It's too late to do anything about sudden oak death, which has already killed 1,000,000 trees


#1

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#2

It has been unstoppable since around 2002? I certainly hope no one has been wasting their time trying to do anything about it for the last decade.


#3

Never mind your goddamn carbon - what the fuck are we going to age scotch in???


#4

/scratches fingernails on chalkboard to get everyone’s attention

Y’all know me. Know how I earn a livin’. I’ll catch this bird for you, but it ain’t gonna be easy. Bad mold. Not like going down the forest chasin’ mushrooms and yeasts. This mold, swallow you whole. Little shakin’, little tenderizin’, an’ down you go. And we gotta do it quick, that’ll bring back your tourists, put all your businesses on a payin’ basis. But it’s not gonna be pleasant. I value my neck a lot more than three thousand bucks, chief. I’ll find it for three, but I’ll catch it, and kill it, for ten. But you’ve gotta make up your minds. If you want to stay alive, then ante up. If you want to play it cheap, be on welfare the whole winter. I don’t want no volunteers, I don’t want no mates, there’s just too many captains on this island. $10,000 for me by myself. For that you get the Spitzenkörper, the septum, the whole damn thing.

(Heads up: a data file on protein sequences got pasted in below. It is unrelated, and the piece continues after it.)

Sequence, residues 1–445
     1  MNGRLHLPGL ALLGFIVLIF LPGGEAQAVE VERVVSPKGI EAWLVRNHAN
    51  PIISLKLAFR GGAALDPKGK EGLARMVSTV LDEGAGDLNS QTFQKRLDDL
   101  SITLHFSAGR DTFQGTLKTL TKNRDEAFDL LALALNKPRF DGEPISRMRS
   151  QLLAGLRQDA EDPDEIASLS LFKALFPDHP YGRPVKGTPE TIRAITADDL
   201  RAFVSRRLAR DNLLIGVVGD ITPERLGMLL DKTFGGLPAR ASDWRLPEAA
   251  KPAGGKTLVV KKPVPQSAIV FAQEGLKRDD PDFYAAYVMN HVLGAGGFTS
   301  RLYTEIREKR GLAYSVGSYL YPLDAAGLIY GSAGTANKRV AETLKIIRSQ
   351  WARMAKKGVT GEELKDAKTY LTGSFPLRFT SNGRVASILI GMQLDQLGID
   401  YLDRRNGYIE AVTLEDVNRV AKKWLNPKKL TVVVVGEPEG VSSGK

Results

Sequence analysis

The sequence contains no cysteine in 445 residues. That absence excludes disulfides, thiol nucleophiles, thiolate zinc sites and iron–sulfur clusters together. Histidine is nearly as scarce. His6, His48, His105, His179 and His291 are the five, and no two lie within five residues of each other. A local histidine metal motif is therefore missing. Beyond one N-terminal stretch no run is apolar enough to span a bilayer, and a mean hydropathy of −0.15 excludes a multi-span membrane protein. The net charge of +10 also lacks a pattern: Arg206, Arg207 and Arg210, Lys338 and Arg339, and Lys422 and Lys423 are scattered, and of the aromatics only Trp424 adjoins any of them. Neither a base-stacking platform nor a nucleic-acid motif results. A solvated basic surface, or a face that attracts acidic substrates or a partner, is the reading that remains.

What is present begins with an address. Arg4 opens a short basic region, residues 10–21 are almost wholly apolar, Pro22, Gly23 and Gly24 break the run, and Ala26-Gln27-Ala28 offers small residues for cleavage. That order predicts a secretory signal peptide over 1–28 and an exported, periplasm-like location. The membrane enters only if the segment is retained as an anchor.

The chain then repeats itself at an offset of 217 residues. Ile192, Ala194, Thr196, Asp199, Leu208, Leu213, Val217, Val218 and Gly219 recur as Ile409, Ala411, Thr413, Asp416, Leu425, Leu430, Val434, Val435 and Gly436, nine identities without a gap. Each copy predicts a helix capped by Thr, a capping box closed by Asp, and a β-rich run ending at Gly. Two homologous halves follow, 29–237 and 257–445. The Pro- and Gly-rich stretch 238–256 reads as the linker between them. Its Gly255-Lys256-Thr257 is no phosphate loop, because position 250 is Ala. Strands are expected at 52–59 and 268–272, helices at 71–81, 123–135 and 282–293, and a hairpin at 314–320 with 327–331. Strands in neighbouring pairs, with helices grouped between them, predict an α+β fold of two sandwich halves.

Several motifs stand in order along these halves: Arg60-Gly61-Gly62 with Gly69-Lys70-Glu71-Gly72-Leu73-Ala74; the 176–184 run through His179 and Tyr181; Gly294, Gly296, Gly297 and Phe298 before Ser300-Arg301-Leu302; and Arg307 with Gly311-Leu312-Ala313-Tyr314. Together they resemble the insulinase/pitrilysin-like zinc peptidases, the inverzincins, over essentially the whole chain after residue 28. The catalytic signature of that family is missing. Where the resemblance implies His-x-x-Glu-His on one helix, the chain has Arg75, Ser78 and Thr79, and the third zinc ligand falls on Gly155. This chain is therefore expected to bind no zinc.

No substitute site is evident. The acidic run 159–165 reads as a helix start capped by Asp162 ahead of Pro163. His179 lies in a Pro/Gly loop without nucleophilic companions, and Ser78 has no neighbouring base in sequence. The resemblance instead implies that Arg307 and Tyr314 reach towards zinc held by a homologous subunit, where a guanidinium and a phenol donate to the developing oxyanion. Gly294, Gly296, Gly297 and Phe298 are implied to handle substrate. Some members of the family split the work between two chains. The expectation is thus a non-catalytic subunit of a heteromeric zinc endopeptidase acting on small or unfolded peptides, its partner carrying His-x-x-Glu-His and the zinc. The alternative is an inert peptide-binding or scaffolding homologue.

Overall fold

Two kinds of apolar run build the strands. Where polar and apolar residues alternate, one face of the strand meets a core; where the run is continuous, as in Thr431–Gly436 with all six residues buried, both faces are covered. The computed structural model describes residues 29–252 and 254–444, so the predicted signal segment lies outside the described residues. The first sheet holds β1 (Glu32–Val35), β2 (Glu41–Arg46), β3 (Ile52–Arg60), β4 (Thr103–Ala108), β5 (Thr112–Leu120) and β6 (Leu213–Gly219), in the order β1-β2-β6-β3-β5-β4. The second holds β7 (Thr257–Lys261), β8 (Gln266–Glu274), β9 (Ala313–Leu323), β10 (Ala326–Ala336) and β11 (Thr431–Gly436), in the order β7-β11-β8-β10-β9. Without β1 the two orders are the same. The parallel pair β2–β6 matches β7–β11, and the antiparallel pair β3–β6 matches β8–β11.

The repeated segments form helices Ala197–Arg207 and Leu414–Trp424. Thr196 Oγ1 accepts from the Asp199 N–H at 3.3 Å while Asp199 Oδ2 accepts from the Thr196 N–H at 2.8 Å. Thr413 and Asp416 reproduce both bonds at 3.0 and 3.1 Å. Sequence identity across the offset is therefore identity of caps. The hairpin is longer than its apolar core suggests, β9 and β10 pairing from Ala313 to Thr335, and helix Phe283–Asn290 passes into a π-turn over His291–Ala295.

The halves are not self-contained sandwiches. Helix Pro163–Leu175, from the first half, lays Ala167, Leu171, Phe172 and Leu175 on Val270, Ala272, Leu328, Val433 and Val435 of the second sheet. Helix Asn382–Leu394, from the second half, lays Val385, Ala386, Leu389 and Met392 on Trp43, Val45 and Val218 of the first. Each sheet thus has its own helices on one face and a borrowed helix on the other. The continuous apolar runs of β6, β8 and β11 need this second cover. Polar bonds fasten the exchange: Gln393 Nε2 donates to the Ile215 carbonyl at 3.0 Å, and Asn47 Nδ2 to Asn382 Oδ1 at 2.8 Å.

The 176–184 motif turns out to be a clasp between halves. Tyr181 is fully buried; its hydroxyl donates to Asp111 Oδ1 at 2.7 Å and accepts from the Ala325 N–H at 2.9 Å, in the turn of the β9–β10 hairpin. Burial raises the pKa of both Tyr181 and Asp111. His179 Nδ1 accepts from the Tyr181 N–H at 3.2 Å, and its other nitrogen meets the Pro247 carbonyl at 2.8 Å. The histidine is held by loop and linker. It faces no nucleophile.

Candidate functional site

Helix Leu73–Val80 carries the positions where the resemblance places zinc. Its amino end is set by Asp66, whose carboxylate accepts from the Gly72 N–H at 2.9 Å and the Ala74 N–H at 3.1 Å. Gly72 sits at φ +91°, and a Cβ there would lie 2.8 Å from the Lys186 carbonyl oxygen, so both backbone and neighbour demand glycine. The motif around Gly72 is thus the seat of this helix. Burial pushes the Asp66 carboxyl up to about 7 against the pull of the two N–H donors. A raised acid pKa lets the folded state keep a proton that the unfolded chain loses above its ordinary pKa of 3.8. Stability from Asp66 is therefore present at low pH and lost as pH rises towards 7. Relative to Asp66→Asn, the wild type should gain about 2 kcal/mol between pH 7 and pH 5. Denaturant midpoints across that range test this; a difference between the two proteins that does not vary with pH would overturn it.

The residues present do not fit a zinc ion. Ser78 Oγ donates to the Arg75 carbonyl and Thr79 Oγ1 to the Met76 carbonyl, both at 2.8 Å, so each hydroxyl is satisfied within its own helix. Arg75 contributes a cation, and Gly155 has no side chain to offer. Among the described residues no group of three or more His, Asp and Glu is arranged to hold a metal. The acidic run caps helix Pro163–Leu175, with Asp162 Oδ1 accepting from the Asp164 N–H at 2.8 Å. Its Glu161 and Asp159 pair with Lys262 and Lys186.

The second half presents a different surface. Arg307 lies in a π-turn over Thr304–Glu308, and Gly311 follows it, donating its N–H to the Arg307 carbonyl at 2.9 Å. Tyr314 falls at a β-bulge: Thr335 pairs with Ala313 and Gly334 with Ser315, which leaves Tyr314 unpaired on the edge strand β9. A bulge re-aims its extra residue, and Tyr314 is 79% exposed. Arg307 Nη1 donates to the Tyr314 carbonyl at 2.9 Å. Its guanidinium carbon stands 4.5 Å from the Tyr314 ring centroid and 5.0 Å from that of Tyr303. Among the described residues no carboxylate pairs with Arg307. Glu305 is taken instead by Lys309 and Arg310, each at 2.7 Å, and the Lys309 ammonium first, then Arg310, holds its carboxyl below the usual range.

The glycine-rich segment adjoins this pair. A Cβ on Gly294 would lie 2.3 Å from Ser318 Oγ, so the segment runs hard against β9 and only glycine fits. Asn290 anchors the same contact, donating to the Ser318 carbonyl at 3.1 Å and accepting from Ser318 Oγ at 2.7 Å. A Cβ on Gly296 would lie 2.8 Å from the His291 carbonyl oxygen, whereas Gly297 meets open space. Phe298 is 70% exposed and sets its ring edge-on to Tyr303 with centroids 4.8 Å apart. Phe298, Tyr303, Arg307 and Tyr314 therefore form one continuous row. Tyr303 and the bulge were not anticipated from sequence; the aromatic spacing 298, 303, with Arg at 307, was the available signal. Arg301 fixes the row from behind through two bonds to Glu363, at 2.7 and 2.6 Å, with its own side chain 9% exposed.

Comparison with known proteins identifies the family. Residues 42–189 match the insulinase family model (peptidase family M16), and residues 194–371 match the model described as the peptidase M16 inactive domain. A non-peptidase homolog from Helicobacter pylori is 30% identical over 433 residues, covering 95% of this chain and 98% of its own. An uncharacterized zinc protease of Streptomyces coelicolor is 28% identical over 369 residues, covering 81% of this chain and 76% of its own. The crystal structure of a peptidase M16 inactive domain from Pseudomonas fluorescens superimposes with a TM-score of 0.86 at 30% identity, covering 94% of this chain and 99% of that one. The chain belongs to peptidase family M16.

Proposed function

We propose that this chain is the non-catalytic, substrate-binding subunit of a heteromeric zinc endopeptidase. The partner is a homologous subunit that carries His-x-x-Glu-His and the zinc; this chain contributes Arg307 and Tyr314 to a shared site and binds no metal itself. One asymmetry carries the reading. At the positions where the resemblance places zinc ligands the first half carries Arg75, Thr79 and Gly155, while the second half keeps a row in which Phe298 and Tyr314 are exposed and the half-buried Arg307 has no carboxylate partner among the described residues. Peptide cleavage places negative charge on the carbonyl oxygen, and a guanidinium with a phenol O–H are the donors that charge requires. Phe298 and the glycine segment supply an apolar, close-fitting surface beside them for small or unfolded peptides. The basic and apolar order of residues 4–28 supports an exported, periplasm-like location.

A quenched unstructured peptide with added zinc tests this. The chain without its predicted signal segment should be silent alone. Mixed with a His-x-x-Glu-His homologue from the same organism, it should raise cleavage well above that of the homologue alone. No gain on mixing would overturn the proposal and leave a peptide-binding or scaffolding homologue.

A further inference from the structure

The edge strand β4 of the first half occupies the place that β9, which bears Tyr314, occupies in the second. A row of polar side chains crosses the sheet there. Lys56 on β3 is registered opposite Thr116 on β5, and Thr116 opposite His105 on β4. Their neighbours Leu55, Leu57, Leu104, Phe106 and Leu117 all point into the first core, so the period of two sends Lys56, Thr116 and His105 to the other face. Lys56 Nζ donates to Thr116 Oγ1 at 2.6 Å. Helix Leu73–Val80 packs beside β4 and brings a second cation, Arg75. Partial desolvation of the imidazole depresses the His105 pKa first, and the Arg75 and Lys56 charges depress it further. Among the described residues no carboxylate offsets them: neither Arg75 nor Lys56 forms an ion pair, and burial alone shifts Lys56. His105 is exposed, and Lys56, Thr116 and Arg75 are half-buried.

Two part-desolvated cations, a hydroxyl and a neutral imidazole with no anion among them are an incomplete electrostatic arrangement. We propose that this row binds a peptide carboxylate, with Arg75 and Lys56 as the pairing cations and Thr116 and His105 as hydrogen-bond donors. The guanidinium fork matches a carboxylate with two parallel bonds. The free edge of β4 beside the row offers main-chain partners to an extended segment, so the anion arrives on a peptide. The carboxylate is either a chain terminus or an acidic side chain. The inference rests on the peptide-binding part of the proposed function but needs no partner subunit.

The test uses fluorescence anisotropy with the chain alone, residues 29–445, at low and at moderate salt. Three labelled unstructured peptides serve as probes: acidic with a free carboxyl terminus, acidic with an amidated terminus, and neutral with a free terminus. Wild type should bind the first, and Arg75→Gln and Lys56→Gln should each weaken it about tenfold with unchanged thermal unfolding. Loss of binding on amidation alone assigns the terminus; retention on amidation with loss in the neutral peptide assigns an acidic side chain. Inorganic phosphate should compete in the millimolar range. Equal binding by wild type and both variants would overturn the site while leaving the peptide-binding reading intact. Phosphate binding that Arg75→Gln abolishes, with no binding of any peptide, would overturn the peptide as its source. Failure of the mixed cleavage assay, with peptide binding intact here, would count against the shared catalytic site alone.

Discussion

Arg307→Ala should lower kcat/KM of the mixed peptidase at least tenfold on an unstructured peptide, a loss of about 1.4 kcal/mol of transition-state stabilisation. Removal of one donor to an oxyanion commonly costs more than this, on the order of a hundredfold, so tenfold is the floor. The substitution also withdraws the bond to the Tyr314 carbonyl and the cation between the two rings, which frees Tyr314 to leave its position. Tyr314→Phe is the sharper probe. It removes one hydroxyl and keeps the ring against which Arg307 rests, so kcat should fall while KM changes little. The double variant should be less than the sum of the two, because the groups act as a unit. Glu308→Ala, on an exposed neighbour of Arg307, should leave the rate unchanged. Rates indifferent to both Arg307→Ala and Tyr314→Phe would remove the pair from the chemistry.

#5

The Eel River watershed is one of the most beautiful places I have known. This makes me very sad.


#6

Har har har, they said. Egghead scientists want a million dollars to study mold on trees, they said.


#7

Mold? Like in the toilet?


#8

This is pretty common here in Southern Ontario where various insects and blights have impacted or completely destroyed the dutch elm (mold), the eastern spruce (budworm), white birch (caterpillars) and more recently the white ash (beetles). But there’s still hope that forests will adjust:


#9

Typo. “NSC Raleigh” s/b “NCSU Raleigh”, but nobody ever says that. “NCSU” would cover it.


#10

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